Labor and Employment Law Weekly Update

03 October 2011 Publication

Legal News: Employment Law Update

Employers Should Heed FTC’s Recent Reminder About Endorsements
Written by: Yonaton Aronoff

Celebrity Ashton Kutcher recently got into hot water with the FTC while serving as a guest editor of an online-only version of Details magazine (http://tinyurl.com/3qrzghz). The magazine issue in question profiled several Internet companies in which Mr. Kutcher invests, without disclosing those investments. In an interview with The New York Times, the FTC’s assistant director of advertising practices, Richard Cleland, indicated that Mr. Kutcher’s conduct “could be investigated” by the FTC for potentially running afoul of FTC guidelines on product endorsements.

Although the FTC later appeared to back away (http://tinyurl.com/6z75rhn) from those comments, the episode serves as a useful reminder for employers crafting and implementing social networking policies for their employees. Effective December 1, 2009, the FTC issued revised guidelines on endorsements and testimonials in advertising, codified at 16 C.F.R. § 255. Under the revised guidelines, employers and employees may be subject to liability for an employee’s failure to clearly and conspicuously disclose his or her employment relationship when promoting the employer’s product or service via a social networking platform. As a result, employers must ensure that their social networking policies include a requirement that their employees clearly and openly disclose their relationship with their employer when promoting the employer’s product or services. As these recent events demonstrate, the issue is clearly on the FTC’s radar screen.

Does Your EPLI Policy Cover Lawsuits Brought by the EEOC?
Written by: Julie Angelini

A federal court in Tennessee recently ruled that an employer’s employment practices liability insurance (EPLI) did not cover a $2.7 million settlement of a lawsuit brought by the EEOC (http://www.eeoc.gov). After 10 Cracker Barrel Old Country Store employees filed charges of race and/or sex discrimination with the EEOC, the EEOC sued Cracker Barrel under Title VII. Cracker Barrel eventually settled the underlying EEOC lawsuit, entering into a consent decree obligating it to place $2 million into a settlement fund. In addition, Cracker Barrel incurred more than $700,000 in defense costs.

Although Cracker Barrel gave proper written notice of the EEOC lawsuit to its carrier, the Court ruled that Cracker Barrel was not entitled to recover any of the $2.7 million under its EPLI policy. The Court held that the language in the EPLI policy did not extend to the EEOC lawsuit because the policy limited “claims” to proceedings brought by employees, and the EEOC was not Cracker Barrel’s employee. The specific language in the policy defined a “claim” as “a civil, administrative or arbitration proceeding commenced by the service of a complaint or charge, which is brought by any past, present or prospective ‘employee(s)’ of the ‘insured entity’ against any ‘insured.’” Based on this language, the Court found that the definition of claim under the policy has a clear meaning that a covered proceeding must be brought by an employee. The Court rejected Cracker Barrel’s argument that the underlying charges upon which the EEOC lawsuit was based were brought by employees. As such, Cracker Barrel was not entitled to collect any of the $2 million settlement funds under its EPLI policy. The Court also found that the insurance carrier had no duty to defend Cracker Barrel in the EEOC lawsuit, and thus, Cracker Barrel was not entitled to recover its $700,000 in defense costs either.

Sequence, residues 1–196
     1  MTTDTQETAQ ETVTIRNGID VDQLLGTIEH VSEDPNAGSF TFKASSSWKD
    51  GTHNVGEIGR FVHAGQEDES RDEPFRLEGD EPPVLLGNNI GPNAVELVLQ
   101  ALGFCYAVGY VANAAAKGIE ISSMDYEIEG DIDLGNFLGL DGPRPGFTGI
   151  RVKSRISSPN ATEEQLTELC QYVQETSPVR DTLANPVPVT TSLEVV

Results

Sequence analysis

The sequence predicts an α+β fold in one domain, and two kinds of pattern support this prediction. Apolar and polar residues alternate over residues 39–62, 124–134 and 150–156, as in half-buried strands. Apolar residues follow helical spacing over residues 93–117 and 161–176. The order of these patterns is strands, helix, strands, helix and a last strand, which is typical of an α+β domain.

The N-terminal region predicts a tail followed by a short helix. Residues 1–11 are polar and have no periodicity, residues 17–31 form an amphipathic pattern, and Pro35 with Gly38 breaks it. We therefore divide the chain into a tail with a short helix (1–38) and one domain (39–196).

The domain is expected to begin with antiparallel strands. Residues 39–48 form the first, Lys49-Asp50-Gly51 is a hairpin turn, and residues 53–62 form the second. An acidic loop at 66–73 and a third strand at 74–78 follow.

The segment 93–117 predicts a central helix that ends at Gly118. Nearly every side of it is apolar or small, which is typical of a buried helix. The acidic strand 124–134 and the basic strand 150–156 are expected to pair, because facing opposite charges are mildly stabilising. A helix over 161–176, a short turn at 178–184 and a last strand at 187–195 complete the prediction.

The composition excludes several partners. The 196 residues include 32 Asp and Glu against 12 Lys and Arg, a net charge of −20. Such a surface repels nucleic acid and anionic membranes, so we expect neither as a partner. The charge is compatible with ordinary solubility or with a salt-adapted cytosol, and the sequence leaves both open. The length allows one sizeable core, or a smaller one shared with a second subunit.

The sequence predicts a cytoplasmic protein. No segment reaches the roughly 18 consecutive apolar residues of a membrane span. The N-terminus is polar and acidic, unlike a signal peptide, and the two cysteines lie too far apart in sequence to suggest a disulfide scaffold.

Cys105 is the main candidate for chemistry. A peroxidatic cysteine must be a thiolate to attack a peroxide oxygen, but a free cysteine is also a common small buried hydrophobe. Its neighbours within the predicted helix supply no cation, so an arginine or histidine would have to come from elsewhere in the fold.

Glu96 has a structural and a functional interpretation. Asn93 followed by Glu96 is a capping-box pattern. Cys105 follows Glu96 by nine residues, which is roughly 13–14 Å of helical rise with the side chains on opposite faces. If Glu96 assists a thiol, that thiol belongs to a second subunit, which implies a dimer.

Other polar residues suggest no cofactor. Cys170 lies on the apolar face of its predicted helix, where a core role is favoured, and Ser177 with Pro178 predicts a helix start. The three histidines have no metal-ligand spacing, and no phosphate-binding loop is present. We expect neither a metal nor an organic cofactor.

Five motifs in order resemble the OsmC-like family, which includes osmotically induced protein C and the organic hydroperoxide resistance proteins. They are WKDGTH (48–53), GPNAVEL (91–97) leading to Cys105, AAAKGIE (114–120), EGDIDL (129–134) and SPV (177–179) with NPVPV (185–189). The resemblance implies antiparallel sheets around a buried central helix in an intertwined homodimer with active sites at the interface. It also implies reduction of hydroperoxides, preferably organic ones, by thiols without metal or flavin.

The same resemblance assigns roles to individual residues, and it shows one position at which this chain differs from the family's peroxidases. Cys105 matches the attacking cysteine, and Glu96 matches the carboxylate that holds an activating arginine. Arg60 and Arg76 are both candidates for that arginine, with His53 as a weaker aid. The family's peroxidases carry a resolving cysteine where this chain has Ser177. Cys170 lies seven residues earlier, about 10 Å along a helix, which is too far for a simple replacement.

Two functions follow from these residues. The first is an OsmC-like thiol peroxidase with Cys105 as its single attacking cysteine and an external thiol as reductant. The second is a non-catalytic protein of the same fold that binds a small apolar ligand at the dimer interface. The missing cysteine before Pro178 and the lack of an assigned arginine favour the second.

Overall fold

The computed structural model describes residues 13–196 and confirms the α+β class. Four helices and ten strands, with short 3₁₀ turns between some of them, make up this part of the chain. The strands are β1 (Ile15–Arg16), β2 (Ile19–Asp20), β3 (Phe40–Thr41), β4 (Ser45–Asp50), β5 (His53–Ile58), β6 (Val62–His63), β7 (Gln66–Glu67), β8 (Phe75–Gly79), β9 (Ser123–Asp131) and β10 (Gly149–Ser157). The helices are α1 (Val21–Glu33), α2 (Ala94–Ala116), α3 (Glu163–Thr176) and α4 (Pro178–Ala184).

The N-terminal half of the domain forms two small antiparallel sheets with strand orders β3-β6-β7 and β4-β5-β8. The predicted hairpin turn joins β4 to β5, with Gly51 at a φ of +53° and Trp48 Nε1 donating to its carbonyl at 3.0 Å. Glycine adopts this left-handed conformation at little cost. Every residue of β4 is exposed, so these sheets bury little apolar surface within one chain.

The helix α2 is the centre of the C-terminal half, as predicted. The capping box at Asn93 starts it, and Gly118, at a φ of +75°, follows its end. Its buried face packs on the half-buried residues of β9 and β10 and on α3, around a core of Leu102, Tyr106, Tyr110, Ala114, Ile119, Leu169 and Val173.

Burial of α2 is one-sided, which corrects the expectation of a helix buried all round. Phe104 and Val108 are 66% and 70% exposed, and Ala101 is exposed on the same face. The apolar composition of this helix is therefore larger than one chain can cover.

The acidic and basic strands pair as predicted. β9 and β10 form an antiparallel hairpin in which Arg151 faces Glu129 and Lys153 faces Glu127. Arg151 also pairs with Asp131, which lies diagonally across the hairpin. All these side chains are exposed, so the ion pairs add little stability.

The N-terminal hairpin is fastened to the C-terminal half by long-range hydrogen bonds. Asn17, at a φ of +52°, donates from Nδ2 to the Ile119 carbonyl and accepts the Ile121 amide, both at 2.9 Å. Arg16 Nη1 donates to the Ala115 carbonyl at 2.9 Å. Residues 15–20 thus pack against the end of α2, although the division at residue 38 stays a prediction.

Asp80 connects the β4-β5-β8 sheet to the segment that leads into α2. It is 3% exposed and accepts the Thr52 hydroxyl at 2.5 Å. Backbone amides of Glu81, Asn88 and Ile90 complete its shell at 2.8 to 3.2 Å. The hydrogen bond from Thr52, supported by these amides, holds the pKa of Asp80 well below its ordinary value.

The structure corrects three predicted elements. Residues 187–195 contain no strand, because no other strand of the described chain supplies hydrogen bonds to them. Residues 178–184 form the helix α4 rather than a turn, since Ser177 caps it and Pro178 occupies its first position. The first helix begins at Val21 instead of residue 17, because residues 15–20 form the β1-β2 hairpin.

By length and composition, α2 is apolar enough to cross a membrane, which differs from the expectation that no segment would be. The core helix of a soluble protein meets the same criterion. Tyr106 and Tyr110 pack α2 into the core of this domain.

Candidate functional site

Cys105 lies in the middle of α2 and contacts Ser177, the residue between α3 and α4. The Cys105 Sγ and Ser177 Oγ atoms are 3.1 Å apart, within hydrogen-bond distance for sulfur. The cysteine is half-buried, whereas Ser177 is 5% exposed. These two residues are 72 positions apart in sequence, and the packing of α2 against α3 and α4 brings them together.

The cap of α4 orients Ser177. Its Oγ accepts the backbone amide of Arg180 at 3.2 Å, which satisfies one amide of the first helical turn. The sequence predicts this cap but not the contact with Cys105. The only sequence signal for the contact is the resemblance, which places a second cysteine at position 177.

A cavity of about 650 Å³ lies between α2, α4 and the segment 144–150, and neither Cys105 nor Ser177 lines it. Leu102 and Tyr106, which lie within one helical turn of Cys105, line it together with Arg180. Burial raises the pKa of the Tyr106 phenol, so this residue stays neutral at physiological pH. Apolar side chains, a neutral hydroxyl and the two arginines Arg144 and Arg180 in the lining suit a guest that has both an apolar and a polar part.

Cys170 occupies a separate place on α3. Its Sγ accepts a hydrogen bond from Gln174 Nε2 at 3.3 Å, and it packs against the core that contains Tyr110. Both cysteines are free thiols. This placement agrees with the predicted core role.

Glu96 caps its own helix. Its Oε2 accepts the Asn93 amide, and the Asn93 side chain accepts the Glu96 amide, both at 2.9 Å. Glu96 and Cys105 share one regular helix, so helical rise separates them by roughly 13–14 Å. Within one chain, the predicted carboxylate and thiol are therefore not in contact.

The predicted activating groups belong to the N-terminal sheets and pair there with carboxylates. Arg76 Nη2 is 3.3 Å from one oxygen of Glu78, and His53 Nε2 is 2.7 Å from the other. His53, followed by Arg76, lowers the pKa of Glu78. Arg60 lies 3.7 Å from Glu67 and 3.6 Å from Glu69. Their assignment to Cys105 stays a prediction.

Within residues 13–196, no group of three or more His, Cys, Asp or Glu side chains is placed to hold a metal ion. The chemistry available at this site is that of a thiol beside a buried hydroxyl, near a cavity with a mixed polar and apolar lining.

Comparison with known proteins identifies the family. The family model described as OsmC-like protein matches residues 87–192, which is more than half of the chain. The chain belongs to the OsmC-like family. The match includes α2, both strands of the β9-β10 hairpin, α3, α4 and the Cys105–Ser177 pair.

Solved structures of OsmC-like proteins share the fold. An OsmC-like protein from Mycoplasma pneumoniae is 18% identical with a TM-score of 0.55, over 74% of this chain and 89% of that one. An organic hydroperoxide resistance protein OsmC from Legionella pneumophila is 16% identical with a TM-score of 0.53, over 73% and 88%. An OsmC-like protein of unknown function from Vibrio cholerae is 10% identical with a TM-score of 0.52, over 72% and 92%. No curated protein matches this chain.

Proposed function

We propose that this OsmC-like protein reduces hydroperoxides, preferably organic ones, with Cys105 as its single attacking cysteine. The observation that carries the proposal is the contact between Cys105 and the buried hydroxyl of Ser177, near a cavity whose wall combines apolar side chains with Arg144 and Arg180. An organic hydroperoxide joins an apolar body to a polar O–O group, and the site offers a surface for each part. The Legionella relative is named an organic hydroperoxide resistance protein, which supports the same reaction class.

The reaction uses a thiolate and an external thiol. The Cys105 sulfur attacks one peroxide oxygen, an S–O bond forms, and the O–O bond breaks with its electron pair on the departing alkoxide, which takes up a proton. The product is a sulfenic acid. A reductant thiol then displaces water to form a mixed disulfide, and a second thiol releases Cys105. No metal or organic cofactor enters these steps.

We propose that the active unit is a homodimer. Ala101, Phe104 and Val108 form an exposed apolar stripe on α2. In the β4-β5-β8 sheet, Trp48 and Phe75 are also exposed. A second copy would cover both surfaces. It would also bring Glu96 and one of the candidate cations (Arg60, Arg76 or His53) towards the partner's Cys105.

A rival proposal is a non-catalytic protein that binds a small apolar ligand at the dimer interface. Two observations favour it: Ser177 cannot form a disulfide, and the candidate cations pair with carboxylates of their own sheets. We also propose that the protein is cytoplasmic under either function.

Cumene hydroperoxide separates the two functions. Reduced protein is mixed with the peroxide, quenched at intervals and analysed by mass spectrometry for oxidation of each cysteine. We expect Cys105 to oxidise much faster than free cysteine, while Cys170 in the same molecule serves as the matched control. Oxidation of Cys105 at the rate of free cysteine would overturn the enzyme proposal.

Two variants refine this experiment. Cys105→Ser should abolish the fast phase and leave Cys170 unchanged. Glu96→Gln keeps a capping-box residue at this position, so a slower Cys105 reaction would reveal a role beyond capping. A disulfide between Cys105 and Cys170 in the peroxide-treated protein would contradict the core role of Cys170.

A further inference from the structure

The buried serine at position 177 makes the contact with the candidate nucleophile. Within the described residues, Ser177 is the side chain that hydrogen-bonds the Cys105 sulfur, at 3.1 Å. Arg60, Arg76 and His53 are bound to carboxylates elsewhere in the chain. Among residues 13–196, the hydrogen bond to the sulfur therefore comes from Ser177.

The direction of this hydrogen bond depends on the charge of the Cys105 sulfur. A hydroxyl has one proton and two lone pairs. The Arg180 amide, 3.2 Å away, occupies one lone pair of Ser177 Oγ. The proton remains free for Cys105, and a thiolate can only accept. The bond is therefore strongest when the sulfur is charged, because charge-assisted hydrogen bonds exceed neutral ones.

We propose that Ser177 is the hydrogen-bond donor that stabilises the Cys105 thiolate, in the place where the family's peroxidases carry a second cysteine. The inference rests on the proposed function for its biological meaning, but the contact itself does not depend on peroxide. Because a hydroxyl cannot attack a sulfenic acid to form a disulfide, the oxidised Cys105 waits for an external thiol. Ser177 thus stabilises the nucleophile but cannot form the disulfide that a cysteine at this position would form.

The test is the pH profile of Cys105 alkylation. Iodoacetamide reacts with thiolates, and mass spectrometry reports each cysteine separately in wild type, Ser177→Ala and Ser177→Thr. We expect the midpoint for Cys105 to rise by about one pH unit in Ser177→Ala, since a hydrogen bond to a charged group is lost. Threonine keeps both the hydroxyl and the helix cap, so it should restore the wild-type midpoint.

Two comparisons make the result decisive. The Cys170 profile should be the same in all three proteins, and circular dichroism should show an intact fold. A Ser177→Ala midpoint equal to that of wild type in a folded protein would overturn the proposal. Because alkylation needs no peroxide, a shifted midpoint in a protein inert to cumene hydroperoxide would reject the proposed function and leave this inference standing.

Employers should review the definition of “claim” before entering into an EPLI policy to ensure that certain proceedings, such as lawsuits brought by the EEOC or other administrative agencies like the Department of Labor, are not excluded from coverage under the policy.

Labor and Employment Trivia

Last week’s question: What is the “control test” and where is it used?

Answer: The control test is used to determine if someone is an employee or independent contractor. It is used to analyze the degree of “control” a company exercises over an individual. Facts that provide evidence of the degree of control and independence fall into three categories: 1) Behavioral: Does the company control or have the right to control what the worker does and how the worker does his or her job? 2) Financial: Are the business aspects of the worker’s job controlled by the payer? (e.g., how worker is paid, whether expenses are reimbursed, who provides tools/supplies, and so forth) 3) Type of Relationship: Are there written contracts or employee type benefits (i.e., pension plan, insurance, vacation pay, and so forth)? Will the relationship continue and is the work performed a key aspect of the business? Both the IRS many state governments, in an effort to increase tax collections, have increased enforcement efforts against employers who misclassify independent contractors.

This week’s question: The Social Security Act was signed into law by President Franklin D. Roosevelt in 1935. What was the bill’s original name and how did the name change?

Please continue to send suggestions for trivia questions to mneuberger@foley.com


Legal News is part of our ongoing commitment to providing legal insight to our clients and colleagues. If you have any questions about or would like to discuss these topics further, please contact your Foley attorney or the authors of this week’s issue.

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